World Ohtahara Syndrome Awareness Day 2015

posted Nov 14, 2015, 8:48 PM by Aarons Ohtahara

One year ago, the families impacted by Ohtahara Syndrome came together and decided upon November 15 as World Ohtahara Syndrome Awareness Day. November 15 will always have a special place in our heart as we remember, honor, and celebrate the wonderful children and families that are impacted by Ohtahara Syndrome daily. This day is for so many, the parents, the siblings, family, friends, and most important our children - all of them! Ohtahara Syndrome is heterogeneous in nature, meaning that it can be caused by many circumstances whether it is a gene mutation, structural malformation, or to this day still unknown which many of the families fall into this category.

Five years ago, in 2010 when our family began Aaron's Ohtahara Foundation, there was still so much unknown, many genes known today that have been found to be associated with Ohtahara Syndrome were not five years ago (or if they were, not well publicized so families or medical teams would be aware). Today there are over 30 gene mutations associated with Ohtahara Syndrome (EIEE - Early Infantile Epileptic Encephalopathy). There are also brain malformations associated with Ohtahara Syndrome such as Hemimegalencephaly. The confusing part to some may be also realizing that these gene mutations are or can be associated with other rare forms of pediatric epilepsy such as LGS or Dravet Syndrome. Having one of these gene mutations also does not automatically mean an Ohtahara Syndrome diagnosis. Two characteristics of Ohtahara Syndrome, often used in diagnosis are the burst suppression pattern on the EEG and the early onset of seizure activity. Overall severity, seizure type, and related conditions vary among the children. The Ohtahara family has been blessed with research opportunities which we are forever grateful for. Dr. Poduri and her amazing team have been working on whole exome sequencing with over 20 families participating and some finding a genetic cause through their work. Not only have they been hard at work with research, the team has also cared for and treated children with Ohtahara Syndrome. They have also participated in our Ohtahara Conferences and Family Gatherings. We even hosted one in beautiful Boston! I know the best part for them is meeting the families and children!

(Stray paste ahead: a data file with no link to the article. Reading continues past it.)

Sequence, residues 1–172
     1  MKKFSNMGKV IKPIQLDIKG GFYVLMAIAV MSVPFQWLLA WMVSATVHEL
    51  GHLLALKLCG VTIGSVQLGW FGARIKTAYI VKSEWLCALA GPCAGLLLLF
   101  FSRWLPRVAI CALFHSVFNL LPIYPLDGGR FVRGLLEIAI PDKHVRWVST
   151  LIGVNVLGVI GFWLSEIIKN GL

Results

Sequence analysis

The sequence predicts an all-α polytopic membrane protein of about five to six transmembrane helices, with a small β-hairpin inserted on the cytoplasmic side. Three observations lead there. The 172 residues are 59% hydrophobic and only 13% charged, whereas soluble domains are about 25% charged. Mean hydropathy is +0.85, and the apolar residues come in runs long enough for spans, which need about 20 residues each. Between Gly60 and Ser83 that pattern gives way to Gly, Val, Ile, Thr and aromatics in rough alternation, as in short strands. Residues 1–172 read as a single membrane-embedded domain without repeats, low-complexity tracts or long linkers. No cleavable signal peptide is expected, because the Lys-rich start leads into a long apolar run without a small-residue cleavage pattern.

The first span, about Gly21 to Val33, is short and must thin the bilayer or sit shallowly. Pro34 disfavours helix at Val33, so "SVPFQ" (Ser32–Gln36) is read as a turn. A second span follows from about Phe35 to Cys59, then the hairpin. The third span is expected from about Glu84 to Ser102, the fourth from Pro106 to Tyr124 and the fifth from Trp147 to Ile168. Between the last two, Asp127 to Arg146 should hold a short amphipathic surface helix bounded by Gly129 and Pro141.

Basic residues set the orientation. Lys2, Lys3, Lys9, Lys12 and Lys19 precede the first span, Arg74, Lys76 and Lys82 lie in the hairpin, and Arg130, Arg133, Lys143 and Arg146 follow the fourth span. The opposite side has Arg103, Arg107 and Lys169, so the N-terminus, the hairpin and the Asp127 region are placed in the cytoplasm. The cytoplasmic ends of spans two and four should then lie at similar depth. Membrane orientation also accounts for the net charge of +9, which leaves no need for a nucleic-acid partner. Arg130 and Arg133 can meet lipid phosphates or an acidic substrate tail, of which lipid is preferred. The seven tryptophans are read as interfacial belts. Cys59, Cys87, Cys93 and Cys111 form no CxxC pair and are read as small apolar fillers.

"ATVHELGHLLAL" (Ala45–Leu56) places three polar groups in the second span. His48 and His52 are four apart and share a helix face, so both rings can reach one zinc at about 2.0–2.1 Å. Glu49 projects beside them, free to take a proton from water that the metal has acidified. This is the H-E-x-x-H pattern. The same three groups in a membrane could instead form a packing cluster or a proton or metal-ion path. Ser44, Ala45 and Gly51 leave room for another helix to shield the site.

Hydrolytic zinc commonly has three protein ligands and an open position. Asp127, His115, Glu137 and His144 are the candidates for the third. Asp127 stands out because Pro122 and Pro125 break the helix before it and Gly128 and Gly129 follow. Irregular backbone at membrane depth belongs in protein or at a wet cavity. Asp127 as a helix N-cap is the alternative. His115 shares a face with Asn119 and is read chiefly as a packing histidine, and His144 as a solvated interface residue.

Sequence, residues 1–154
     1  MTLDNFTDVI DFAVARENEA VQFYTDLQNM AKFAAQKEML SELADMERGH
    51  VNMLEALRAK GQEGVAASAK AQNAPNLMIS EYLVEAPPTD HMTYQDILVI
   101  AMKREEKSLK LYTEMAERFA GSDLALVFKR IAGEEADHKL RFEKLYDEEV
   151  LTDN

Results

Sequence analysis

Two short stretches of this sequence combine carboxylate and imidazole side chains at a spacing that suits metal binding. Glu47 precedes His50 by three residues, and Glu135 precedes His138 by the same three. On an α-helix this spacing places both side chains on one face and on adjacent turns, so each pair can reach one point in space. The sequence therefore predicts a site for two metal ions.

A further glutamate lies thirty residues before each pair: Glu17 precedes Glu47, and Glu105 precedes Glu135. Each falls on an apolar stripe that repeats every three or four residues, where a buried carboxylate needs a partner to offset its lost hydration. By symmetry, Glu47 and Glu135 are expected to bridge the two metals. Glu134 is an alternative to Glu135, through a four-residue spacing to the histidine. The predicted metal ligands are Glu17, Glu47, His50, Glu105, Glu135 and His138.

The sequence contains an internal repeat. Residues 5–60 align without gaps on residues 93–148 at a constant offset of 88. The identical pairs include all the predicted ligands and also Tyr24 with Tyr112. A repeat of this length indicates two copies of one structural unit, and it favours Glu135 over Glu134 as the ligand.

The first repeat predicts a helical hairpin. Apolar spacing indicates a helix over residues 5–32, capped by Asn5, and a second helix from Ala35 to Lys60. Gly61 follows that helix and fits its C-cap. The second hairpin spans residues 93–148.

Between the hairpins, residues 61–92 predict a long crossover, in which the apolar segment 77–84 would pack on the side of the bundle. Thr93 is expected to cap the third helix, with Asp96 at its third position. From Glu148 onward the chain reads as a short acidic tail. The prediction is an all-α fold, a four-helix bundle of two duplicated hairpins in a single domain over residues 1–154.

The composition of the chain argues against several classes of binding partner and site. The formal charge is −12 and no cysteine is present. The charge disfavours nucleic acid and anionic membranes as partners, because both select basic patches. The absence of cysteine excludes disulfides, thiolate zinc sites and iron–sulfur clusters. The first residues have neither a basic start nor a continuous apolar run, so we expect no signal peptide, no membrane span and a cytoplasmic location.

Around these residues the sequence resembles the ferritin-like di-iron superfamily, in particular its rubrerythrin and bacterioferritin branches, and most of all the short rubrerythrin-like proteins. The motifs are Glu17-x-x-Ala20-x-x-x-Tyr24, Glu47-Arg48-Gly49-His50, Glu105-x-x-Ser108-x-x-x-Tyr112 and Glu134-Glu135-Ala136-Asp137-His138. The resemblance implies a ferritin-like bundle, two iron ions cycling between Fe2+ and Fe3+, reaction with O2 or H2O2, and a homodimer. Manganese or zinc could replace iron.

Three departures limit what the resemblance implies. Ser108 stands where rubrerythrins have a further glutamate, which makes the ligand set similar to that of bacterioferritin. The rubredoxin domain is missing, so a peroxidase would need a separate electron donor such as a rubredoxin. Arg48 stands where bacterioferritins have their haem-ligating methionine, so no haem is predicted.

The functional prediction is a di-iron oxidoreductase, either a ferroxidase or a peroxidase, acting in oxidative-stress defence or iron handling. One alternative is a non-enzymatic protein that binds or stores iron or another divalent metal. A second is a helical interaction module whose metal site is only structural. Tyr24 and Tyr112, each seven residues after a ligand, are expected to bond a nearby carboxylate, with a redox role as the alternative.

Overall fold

We would like everyone reading this post to remember all of our children, the families, siblings, and friends as so many are touched by the lives of our children. Please include them all in your prayers as well as the research, medical team, and those that care for the children such as therapists and teachers. There are so many!!

Thank you to all who have shown us so much support and love over the last year and since the beginning! We are so thankful for you all and can not express enough how much your kind words and support mean to us. Aaron is a delight in our lives, him and Conor are our pride and joy! We have been so blessed to meet so many families and children (have I mentioned they are beautiful!) through the conferences or on our travels. We have cried along with so many, attended memorial services, and remember these children daily. We also rejoice with each milestone (or inchstone) and sometimes quite literally jump for joy when these children continue to amaze and tell their own story!! I have so many favorite things about these children and what they have taught me. Thank you all again for the love and support - it is for these children that we honor and celebrate November 15 as World Ohtahara Syndrome Awareness Day #WorldOSDay  and we can not forget...